Grand River Roundup

Snow last week and temperatures in the eighties this week – welcome to South Dakota!

Betty Olson COLUMN BOX 2Snow last week and temperatures in the eighties this week – welcome to South Dakota! We didn’t get any more rain, but all that sun combined with last week’s moisture has turned the prairie a beautiful green. We got most of the branding done this week and the cows sure seem to appreciate that lush grass. The lawn needs mowed and it’s full of those pretty yellow wildflowers that some folks call weeds. Every time I see a dandelion I’m reminded of when our daughter Teri and her cousin Mindy (Larson) Meszaros were little girls. They loved to pick what Mindy called “dandy flowers” and braid them into necklaces for Nubby and me. That still makes me smile.

I thought after my trip to Bismarck on Tuesday to get my cast off I was going to be able to type better. Wrong. They cut the old cast off, but they put on an even more rigid one that hinders the movement of my right hand even more. The only thing I like about it is that it’s bright red.

I got nicknamed Red when I served in the House of Representatives in Pierre because I usually poked the red button, voting NO. Rep. Chuck Turbiville has always called me Red and it was fun to visit with “Chuckles” this week when he called to see how I was handling retirement. He wants to know when the next Cattle Trail meeting will be in Spearfish because he wants to attend. Chuck, like every Turbiville in western South Dakota, is a direct descendant of Pecos Dick Turbiville who came up the cattle trail from Texas in the late 1800s and settled in the Camp Crook area. I wanted to take in the Kentucky Derby at the Heritage Center in Spearfish Saturday, but just wasn’t up to it.

We lost a dear friend this week. Lila (Eggebo) Van Slooten, 89, died in Belle Fourche Wednesday. Lila’s funeral was Monday in Belle Fourche with burial next to her husband at Holland Center that afternoon. What a wonderful lady!

Rep. Sam Marty and I were invited to a Republican get-together in Belle Fourche Friday to hear Attorney General Marty Jackley. Sam hauled this crippled old gal to Belle with him and we went to Spearfish so he could take his mother, Helen Marty, a bouquet of flowers for Mother’s Day. His sister, Rep. Liz May, also attended the picnic in Belle and visited their mother on her way back to Kyle.

There were two new babies this week. Liz May just became a grandma. Her daughter Mary Jo and Jason Fairhead had a baby girl May 2nd. Josephine Helen weighed 8lbs, 2oz. and is 21 inches long.

Dana and Jay Wammen welcomed their new baby daughter on May 5th. Jada Jean weighed in at 9lbs, 6 oz. and is 20” long.


Lanie and Matt brought little Trace down to spend Mother’s Day weekend at the ranch. On Mather’s Day, six young people were confirmed at Slim Buttes Lutheran and there were lots of mothers, grandmothers and great grandmothers in attendance.

This is for all Moms:

A woman, renewing her driver’s license at the county clerk’s office, was asked by the woman recorder to state her occupation. She hesitated, uncertain how to classify herself.

“What I mean is,” explained the recorder, “do you have a job or are you just a …?”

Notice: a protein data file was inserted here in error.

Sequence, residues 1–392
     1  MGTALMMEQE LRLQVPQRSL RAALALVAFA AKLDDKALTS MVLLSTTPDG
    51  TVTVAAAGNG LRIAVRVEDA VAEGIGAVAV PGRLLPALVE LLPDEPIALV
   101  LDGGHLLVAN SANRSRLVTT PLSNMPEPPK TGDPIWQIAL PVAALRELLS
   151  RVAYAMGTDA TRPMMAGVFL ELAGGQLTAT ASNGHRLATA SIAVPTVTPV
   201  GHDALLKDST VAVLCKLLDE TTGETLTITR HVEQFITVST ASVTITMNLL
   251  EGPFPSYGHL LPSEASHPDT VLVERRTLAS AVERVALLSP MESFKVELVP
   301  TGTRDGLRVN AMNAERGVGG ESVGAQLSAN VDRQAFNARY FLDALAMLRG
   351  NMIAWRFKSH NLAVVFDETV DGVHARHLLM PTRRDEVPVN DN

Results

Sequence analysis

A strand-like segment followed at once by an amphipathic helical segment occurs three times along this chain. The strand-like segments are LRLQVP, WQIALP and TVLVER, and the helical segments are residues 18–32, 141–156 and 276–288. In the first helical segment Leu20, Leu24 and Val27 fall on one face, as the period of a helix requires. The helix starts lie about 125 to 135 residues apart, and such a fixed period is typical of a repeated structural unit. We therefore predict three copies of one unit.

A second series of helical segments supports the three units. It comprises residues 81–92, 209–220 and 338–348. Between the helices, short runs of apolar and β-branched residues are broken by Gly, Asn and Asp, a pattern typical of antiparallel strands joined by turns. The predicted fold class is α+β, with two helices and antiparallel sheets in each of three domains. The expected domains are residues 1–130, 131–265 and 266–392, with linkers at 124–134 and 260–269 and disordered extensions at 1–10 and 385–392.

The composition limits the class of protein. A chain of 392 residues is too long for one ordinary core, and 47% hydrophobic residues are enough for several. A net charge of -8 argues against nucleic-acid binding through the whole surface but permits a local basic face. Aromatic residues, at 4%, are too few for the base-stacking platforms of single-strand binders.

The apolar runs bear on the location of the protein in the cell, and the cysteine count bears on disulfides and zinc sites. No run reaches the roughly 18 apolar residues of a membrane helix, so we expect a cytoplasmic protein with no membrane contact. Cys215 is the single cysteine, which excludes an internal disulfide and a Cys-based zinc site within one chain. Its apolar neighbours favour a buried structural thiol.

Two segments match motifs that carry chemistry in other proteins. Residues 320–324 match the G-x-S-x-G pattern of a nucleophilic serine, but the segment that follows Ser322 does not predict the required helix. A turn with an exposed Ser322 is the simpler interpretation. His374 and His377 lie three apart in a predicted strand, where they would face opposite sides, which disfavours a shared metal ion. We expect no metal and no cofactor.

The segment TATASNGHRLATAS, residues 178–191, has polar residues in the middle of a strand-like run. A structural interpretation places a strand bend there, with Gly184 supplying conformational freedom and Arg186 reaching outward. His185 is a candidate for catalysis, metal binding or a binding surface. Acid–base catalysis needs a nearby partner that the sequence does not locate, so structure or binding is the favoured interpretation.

“Of course I have a job,” snapped the woman. “I’m a Mom.”

“We don’t list ‘Mom’ as an occupation; ‘housewife’ covers it,” said the recorder emphatically.

I forgot all about her story until one day I found myself in the same situation, this time at our own Town Hall. The clerk was obviously a career woman, poised, efficient, and possessed of a high sounding title like, “Official Interrogator” or “Town Registrar.”

“What is your occupation?” she probed.

What made me say it? I don’t know. The words simply popped out. “I’m a Research Associate in the field of Child Development and Human Relations.”

The clerk paused, ballpoint pen frozen in midair and looked up as though she had not heard right.

I repeated the title slowly emphasizing the most significant words then I stared with wonder as my pronouncement was written in bold, black ink on the official questionnaire.

“Might I ask,” said the clerk with new interest, “just what you do in your field?”

Coolly, without any trace of fluster, I heard myself reply, “I have a continuing program of research, (what mother doesn’t) in the laboratory and in the field (normally I would have said indoors and out). I’m working for my Masters (first the Lord and then the whole family) and already have four credits (my children).

“Of course, the job is one of the most demanding in the humanities (any mother care to disagree?) and I often work 14 hours a day (24 is more like it). But the job is more challenging than most careers and the rewards are more of a satisfaction rather than just money.”

There was an increasing note of respect in the Clerk’s voice as she completed the form, stood up, and personally ushered me to the door.

As I drove into our driveway, buoyed up by my glamorous new career, I was greeted by my lab assistants – ages 13, 7, and 3. Upstairs I could hear our new experimental model, (a 6-month old baby) in the child development program, testing out a new vocal pattern.

I felt I had scored a beat on bureaucracy! And I had gone on the official records as someone more distinguished and indispensable to mankind than “just another Mom.”

Does this make grandmothers “Senior Research Associates in the field of Child Development and Human Relations” and great grandmothers “Executive Senior Research Associates?” I think so!! I also think it makes aunts “Associate Research Assistants.”

Motherhood! What a glorious career – especially when there’s a title on the door!